The Slowest, but the Most Prestigious and Extreme F-1 Race – The Monaco GP
Every year, some 20 Formula One races take place in different locations around the world. At least one race appears or disappears in the calendar every year, but there are a few for which extinction is about as likely as the Abominable Snowman showing up at a Las Vegas casino. One of these is the Monaco Grand Prix.
You could say that in terms of prestige, a victory at the Monaco Grand Prix is second only to winning the Formula One Drivers' Championship. This race – where these days qualification has a huge impact on the final positions, where overtaking is rarer than rain in the Sahara, and where the average speed of the drivers is the slowest on the entire Formula One calendar – is prestigious for its long history. A few decades ago, this race on city streets became known for being particularly dangerous and unpredictable: positions rarely change due to incidents, but when they do it's quite dramatic, so the drivers have to maintain maximum focus.
Together with the Indianapolis 500 and the 24 Hours of Le Mans, the Monaco Grand Prix forms the so-called "Triple Crown of Motorsport": the person who wins all of these races will probably be declared the eternal FIA president.
One of the main reasons for the prestige of the Monaco GP is its history. The race in the tiny Côte d'Azur state was held for the first time in 1929, and was won by William Grover-Williams driving a Bugatti Type 35B. The Monaco GP was included in the Formula One calendar for the first time in 1950, and has been a permanent part of the championship since 1955.
By 2017, the Monaco Grand Prix had already been held 74 times. The 3.337 km circuit through the city streets runs by the windows of the world's most famous people, and the renowned exit from the tunnel is met with applause from rich people watching the race on their yachts. Due to the low average speed of the Monaco GP, it is also the only race on the Formula One calendar that does not meet the FIA's mandated 305-kilometre minimum race distance.
The circuit is a dangerous one – there is no shortage of major accidents and the safety car appears every year. However, racing there was even more dramatic up until 1969. Prior to that year, the race in Monaco took place on unprepared streets: everyday cars were removed, but there were no barriers or safety zones. If a driver made a mistake, he would crash into a bus stop, a shop or even a train station. Alberto Ascari and Paul Hawkins were even less fortunate – they are known as the only drivers to swim in the Mediterranean during a Formula One race. After a series of incidents, the most dangerous parts of the streets used for the race were railed off in 1969, and in 1972, the Circuit de Monaco was almost completely Armco-lined so that the drivers wouldn't fly off after an accident.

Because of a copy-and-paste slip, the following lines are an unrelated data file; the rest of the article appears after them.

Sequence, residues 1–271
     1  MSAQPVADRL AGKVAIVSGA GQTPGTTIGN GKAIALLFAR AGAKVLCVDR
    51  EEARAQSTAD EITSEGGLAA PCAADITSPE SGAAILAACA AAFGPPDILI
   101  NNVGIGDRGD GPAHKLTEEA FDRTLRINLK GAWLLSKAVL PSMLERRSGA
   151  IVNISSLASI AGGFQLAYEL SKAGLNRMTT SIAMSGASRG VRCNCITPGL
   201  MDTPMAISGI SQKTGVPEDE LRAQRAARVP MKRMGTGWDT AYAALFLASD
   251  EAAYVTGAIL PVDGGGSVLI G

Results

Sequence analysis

The Monaco GP "Champion of Champions" title could go to Ayrton Senna, who won the race six times, with five consecutive victories between 1989 and 1993. In all, he had 10 starts in Monaco, eight of which he finished spraying Champagne on the podium. Fernando Alonso is the only driver to have won the race in two consecutive years for different teams, winning for Renault in 2006 and McLaren in 2007. As a team, McLaren has done the best, with 15 of their drivers finishing first. Michael Schumacher, who won the race five times (Graham Hill also won the Monaco GP five times), holds the current lap record for the race with a 1:14.439 set in 2004.
If the Monaco Grand Prix would like to get on the Formula One calendar today, it would not be possible due to the lack of safety and the low average speed. However, respect for history allows for exceptions to be made, even in the calendar of the Queen of Motorsports.